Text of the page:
A musical group that’s providing a lockdown lifeline for people in Gwynedd with and without learning disabilities has launched a new video with the help of some star names.
Performing with the members, tutors and volunteers involved in the Canfod y Gân (Discovering Music) project were Geraint Lovgreen, from Caernarfon, Dewi Pws who lives in Nefyn on the Llŷn Peninsula, along with Rhys Parry who plays guitar in Bryn Fôn’s popular band.
The video was produced using audio and video from members improvising musically which were recorded by family members or support workers on phones and tablets.
The music track was then mixed and edited by Edwin Humphreys, from Pwllheli, a tutor with the project and the video was created by Gwydion Davies, from Canolfan Gerdd William Mathias Music Centre (CGWM).
The Coronavirus pandemic hasn’t stopped the group from making music despite the fact they can no longer meet up for their fortnightly sessions in Caernarfon, Pwllheli and Harlech.
Led by CGWM and working in partnership with Gwynedd Council’s Learning Disability Team, they have put together a video of members performing the national anthem of Wales as well as the group’s own unique signature piece which they’re hoping will go viral on social media.
The project, which is funded by a three-year grant from Spirit of 2012, the London 2012 legacy fund, gives disabled and non-disabled people the opportunity to come together as equals to create music with the aim of improving mental health and wellbeing.
Matthew Murray, 25, from Bangor, a member of the Caernarfon group, loves being part of the group.
He said “I like to rap and have been writing my own stuff for a long time. My social worker was looking for a music project I could get involved with and that’s how I got to be with Canfod y Gân.
“I volunteer in a cafe at the leisure center in Caernarfon on Mondays’ or until the virus I did. So, I started going to Canfod y Gân after my shift in the cafe. I love working with other people and like pretty much everything about the group.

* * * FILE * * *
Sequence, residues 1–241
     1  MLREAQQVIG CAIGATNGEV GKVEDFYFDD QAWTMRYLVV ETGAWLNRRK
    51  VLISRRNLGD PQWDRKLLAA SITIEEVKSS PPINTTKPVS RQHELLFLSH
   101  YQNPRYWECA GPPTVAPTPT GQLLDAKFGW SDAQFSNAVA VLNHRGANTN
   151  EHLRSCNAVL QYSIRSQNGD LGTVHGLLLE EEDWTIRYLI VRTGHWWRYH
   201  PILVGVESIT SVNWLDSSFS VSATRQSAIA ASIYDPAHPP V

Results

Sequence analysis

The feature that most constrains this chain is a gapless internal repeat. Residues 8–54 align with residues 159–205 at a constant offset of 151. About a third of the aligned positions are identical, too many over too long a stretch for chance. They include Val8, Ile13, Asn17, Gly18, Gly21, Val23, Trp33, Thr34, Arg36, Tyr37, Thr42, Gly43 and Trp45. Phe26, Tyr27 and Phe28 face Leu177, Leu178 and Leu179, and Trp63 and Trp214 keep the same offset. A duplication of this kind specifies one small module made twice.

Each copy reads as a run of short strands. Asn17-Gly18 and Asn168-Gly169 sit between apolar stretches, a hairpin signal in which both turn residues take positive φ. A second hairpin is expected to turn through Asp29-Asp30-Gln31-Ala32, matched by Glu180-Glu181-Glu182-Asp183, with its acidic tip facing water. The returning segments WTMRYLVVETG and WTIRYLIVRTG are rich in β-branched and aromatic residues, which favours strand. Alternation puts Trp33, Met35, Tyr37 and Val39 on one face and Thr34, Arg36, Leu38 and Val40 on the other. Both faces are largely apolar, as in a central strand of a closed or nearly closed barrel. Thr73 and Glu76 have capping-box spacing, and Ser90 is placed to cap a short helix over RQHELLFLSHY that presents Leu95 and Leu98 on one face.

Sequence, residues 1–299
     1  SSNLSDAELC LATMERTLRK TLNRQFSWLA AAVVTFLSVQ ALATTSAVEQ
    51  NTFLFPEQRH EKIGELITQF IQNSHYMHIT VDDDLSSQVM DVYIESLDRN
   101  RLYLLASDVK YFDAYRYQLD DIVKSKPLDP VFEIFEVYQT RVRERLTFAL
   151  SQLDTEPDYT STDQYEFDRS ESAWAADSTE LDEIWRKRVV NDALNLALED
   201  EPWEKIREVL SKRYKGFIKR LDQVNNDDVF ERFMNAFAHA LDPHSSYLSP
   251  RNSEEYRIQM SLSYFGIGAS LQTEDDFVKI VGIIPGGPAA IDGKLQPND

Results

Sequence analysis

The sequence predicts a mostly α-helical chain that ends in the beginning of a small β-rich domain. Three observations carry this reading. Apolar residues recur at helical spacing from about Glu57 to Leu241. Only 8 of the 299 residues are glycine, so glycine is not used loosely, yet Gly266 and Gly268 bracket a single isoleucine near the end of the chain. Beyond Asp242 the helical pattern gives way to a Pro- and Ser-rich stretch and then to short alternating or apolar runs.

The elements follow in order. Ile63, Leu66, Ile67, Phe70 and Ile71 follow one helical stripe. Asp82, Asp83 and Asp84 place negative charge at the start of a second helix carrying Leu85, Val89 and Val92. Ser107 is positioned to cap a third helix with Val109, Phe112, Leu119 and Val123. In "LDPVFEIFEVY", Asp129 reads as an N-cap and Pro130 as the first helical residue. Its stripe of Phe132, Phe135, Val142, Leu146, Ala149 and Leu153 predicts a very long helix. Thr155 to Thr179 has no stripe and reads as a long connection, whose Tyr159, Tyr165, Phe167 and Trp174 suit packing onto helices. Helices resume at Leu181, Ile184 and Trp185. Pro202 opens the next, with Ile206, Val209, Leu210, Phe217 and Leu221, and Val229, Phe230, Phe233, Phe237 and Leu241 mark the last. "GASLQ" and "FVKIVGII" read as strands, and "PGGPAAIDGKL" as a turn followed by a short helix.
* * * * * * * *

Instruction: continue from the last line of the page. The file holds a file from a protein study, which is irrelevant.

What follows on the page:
“I’ve met a friend there who volunteers and we are going to work together on some raps and we plan to record some of my lyrics. That’s really exciting.
“I write what comes to mind. I write about things that are going on in my life, about family issues and things like that.”
He added: “I enjoyed being involved with the video that we have done. I wrote lyrics about the hard times and how we are coping with the pandemic and friends and family.”
Terry Tuffrey, 20, from Blaenau Ffestiniog, is a member of the Harlech group and is a student at Coleg Meirion Dwyfor in Dolgellau where he is studying independent living skills.
He said: “I usually go every other Tuesday night and like it a lot. I’m a very sociable person and I get to meet friends from Harlech and the area. It’s always good fun and I learn new singing skills.
“They often have new instruments to try but I prefer to sing although I can play tambourines and wind chimes things like that. I started going when I was 18 and I’m just 20 now. The singing we do I like because I get to sing the sort of things I like.
He added: “The virus has been horrible and has stopped the Canfod y Gân sessions. As a family we are just following the guidelines and hoping for the best, that’s all you can do.
“But I’m looking forward to going back and meeting everyone again.”
According to project manager Mared Gwyn-Jones, the aim is to enable all members of the group to come together with professional music tutors and volunteers to create music as equals.